How The Mad Dash For Host Community Agreements Is A Windfall For Landlords



Over the last three years, few issues have been as universally controversial in Massachusetts municipal government as the marijuana host community agreement (HCA). The enabling legislation shifted material control over the decision-making process from the state level to the local municipality and was meant to give the local community control over what happens within its borders.

However, the deep regulatory expertise was centered in the Cannabis Control Commission, a state agency, leaving most municipalities on their own to find their way through the hazy maze of HCAs. This means understanding a relatively new and complex industry to respond with community-appropriate regulations and ordinances that manage these businesses operating within municipal borders.

Aside from traffic concerns that percolated out of the first few stores that opened in November 2018, the one ongoing subject in the press has been tensions between applicants and municipalities over the HCA process. The town of Maynard has recently been in the news for its novel approach toward granting local HCA approval; at the request of an applicant, the town agreed to provide an HCA before a site location was selected. This is the opposite of how other municipalities approach HCAs, and on the surface, it might appear that the town ceded control. However, the contract used by Maynard firmly preserves oversight with the Select Board and is a thoughtful process that attempts to avoid several disruptions to the overall local economic progress experienced in communities throughout the Commonwealth.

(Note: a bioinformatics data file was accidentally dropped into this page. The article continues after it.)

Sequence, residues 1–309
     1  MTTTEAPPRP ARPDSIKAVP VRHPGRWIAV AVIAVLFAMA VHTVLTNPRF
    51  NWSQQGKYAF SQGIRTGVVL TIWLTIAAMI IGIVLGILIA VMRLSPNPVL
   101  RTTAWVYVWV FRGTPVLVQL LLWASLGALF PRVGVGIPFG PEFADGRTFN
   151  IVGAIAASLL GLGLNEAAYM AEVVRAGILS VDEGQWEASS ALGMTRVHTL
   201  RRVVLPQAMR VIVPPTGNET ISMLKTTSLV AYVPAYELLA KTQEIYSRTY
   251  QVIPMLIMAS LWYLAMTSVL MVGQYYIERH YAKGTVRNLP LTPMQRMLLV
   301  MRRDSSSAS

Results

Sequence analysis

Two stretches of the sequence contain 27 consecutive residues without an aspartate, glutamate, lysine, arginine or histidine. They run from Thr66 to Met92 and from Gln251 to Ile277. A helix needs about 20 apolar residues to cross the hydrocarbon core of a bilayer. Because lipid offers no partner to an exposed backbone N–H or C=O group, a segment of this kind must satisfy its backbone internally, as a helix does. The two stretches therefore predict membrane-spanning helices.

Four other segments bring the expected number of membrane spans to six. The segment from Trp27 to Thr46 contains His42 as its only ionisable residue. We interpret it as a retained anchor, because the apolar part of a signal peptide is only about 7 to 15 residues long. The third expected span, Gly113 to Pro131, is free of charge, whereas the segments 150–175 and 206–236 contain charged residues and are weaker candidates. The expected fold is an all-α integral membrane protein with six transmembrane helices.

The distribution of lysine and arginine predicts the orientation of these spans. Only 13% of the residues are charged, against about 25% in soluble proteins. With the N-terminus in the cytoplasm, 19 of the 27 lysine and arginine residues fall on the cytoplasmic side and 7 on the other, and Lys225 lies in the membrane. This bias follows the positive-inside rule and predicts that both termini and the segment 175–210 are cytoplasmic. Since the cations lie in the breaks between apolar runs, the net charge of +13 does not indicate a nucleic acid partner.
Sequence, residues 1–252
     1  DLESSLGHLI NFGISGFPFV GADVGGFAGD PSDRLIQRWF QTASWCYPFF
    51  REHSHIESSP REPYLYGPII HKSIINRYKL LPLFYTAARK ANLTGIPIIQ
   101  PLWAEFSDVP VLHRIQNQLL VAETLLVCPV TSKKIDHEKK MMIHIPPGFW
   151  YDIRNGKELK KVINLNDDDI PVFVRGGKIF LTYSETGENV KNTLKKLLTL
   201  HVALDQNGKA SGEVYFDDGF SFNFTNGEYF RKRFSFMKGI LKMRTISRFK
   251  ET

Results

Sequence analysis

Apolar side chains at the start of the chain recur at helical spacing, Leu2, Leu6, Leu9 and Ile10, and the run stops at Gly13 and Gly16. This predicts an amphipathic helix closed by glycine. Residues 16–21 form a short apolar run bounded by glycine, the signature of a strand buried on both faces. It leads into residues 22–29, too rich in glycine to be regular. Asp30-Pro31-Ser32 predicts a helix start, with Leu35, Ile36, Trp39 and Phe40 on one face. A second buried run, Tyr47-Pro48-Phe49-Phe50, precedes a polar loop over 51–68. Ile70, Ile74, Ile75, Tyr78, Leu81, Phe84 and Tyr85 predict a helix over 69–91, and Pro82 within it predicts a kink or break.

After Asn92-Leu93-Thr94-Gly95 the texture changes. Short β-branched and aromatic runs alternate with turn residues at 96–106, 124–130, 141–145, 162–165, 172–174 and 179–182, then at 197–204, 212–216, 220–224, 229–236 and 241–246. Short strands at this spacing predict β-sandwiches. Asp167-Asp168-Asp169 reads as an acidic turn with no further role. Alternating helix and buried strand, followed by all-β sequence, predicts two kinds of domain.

The Maynard applicant, having demonstrated their financial and operational viability, now has six months to find a suitable location or the host community agreement expires. Once they find a location, the applicant must return to the Select Board for location approval before being released to pursue approval through the planning board and all other municipal departments. This allowed the Select Board to maintain control over all stages of the selection process. Most importantly, it afforded the board the ability to consider all applicants and select the best operator for the town, not simply the one with the deepest pockets who could secure and hold a location indefinitely.

It has been argued that landlords are selecting the winners, not municipal boards, and the Maynard approach tips that concern on its head. Maynard maintains complete control while widening the field of applicants to consider.

In a typical community, once zoning rules are promulgated and the total possible number of companies the municipality will host is announced, a mad dash of real estate speculation begins.  Cannabis wannabes descend upon every possible landlord, bid up prices, and seek to lock in space in order to eventually apply for a coveted HCA. Some will win, but many more will lose, and soon much of that space that was initially under contract returns to the market. But in the interim, noncannabis businesses are locked out of the market and rents artificially increase, which translates into towns being deprived of revenue for months while storefronts sit idle.